Preservation Oriented Decisions Saves Valuable Low-Income Housing Stock in Boston
Vincent O’Donnell was a principal at Community Assistance Development Association Corporation (CEDAC), a quasi-governmental agency that supports affordable housing development projects in Massachusetts. During this time Mr. O’Donnell provided technical and program support to the City of Boston, specifically related to the preservation of affordable multifamily housing. He has continued to provide advisory services to DND with regard to federal policy and preservation strategy trough LISC and as an independent consultant.
The relationship grew out of an crisis involving foreclosed federally-subsidized rental properties. In just a few low-income neighborhoods, several thousand housing units in failed properties were beset by physical, social and financial difficulties. By the early 1980s, these properties were either owned by HUD as foreclosed real estate, or in the foreclosure pipeline. The majority of the units also had project-based Section 8 contracts that provided a potential resource, yet the City of Boston had limited capacity to interact proactively with HUD, to manage the Section 8 resources wisely, or to manage the future of the affected neighborhoods in a thoughtful way.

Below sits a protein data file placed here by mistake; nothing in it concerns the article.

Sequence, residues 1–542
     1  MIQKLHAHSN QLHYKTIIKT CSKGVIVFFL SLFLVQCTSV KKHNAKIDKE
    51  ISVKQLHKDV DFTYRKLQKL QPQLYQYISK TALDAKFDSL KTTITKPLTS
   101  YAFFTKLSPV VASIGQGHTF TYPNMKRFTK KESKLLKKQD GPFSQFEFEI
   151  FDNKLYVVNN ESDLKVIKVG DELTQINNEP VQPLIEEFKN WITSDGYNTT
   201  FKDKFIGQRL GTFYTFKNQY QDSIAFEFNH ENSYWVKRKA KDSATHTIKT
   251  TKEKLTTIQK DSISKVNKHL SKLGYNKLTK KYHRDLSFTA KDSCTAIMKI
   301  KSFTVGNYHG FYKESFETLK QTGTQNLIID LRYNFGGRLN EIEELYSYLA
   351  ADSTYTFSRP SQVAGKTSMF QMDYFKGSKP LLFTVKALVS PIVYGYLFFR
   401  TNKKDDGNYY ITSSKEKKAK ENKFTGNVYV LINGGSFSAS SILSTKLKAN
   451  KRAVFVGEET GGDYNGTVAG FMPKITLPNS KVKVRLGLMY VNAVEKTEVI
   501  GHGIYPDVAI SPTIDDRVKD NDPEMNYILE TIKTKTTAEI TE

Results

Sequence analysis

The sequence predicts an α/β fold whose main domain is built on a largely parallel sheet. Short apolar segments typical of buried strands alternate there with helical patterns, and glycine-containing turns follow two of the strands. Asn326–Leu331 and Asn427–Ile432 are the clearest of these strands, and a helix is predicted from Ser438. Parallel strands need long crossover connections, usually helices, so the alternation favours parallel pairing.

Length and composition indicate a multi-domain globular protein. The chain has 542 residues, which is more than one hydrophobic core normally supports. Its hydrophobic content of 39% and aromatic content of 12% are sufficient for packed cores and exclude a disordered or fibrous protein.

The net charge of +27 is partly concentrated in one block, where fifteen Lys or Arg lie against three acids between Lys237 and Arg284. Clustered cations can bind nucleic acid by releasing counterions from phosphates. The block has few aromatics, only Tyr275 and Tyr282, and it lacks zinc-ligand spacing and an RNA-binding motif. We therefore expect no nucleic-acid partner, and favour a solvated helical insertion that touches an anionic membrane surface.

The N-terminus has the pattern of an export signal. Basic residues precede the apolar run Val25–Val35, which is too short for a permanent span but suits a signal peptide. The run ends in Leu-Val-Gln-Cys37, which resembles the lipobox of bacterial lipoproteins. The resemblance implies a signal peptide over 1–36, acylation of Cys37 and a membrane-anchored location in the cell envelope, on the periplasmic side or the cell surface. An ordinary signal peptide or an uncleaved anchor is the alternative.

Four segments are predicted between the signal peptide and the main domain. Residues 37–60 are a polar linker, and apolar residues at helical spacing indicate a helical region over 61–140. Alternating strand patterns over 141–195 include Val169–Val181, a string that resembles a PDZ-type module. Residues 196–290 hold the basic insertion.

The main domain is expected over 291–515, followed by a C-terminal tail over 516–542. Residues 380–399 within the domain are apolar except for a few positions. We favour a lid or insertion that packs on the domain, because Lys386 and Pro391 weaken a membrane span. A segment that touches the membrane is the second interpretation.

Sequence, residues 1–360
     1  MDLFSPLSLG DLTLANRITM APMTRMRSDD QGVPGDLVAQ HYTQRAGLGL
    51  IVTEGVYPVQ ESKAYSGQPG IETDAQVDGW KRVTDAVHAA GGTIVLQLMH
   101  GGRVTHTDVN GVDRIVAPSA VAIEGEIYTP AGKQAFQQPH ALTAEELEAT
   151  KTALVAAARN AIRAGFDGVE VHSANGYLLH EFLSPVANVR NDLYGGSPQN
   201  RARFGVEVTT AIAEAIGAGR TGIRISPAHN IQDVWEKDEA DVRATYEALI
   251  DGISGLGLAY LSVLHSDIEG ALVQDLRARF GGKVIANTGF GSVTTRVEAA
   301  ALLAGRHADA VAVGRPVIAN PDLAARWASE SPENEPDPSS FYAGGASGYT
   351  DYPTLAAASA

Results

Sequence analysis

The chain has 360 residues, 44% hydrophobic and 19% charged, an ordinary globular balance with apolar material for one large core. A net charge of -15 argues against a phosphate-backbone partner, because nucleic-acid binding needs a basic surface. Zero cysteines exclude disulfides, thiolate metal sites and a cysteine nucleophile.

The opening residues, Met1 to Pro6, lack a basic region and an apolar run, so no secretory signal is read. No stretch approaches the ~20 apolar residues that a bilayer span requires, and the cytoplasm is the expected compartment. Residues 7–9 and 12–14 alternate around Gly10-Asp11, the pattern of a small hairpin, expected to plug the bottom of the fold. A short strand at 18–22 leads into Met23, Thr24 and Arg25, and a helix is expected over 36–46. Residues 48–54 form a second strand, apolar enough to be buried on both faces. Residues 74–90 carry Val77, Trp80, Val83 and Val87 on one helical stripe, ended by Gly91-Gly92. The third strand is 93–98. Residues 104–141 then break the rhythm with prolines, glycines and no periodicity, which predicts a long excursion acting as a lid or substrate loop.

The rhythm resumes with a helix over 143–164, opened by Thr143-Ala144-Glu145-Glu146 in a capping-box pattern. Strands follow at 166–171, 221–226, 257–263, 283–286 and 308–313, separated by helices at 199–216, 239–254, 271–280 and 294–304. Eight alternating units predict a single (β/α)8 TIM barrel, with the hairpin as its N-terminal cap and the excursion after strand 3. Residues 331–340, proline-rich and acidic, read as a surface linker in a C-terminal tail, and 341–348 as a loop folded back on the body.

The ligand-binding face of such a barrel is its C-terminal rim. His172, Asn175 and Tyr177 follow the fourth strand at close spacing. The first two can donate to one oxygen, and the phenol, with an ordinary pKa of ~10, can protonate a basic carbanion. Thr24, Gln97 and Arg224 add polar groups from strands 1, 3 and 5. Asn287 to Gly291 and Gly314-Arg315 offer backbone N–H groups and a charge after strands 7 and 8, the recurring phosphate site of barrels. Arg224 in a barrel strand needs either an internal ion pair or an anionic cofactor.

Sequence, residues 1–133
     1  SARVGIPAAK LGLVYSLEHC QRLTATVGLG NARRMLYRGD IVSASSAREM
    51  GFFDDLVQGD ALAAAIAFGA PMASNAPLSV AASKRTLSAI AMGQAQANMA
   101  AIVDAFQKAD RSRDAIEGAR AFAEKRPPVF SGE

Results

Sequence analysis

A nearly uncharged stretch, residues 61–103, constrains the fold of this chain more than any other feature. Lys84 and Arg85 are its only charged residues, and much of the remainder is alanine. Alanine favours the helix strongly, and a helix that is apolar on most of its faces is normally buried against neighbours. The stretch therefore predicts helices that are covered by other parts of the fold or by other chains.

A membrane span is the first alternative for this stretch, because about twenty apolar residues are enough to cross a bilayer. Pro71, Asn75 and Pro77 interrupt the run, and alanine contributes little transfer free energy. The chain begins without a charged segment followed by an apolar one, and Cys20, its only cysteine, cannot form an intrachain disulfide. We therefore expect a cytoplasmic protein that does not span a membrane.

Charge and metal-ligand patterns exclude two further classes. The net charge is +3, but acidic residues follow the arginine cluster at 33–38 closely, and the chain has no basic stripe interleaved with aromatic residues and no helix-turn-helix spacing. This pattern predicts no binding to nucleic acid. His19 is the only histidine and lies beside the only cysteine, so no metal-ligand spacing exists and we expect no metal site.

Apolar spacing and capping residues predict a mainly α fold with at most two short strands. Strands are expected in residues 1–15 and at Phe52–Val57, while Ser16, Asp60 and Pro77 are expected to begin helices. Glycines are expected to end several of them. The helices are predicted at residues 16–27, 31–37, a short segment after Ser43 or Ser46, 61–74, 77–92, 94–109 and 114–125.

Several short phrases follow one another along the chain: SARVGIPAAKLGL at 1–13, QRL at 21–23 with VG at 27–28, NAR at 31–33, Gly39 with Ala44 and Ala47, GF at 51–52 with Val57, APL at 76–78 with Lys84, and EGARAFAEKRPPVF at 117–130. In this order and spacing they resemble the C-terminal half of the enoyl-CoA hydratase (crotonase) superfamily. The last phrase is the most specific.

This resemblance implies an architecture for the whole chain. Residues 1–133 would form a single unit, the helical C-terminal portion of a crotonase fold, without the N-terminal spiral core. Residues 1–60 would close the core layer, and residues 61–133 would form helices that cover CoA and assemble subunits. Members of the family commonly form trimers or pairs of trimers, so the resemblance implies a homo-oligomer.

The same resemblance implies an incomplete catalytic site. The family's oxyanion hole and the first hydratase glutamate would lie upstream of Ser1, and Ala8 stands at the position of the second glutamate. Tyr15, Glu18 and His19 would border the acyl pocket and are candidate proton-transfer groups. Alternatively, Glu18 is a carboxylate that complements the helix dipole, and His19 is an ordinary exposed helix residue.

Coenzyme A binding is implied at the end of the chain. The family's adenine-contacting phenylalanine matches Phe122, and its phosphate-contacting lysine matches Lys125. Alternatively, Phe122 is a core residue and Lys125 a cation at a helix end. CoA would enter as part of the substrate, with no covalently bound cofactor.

CEDAC’s status (as neither a city nor a state agency) allowed it to work constructively with the advocacy community. The advocacy community included resident organizers and legal services providers that assisted in developing strategies that in turn, encouraged HUD to make preservation-oriented decisions about their troubled inventory.
Through this work a key analytical tool developed. The tool, the state’s first preservation database, integrated data provided by HUD and included additional property research information. The data in this system, informed the City’s preservation planning and decision-making. With continued support from the City, CEDAC still maintains iteration of this powerful tool.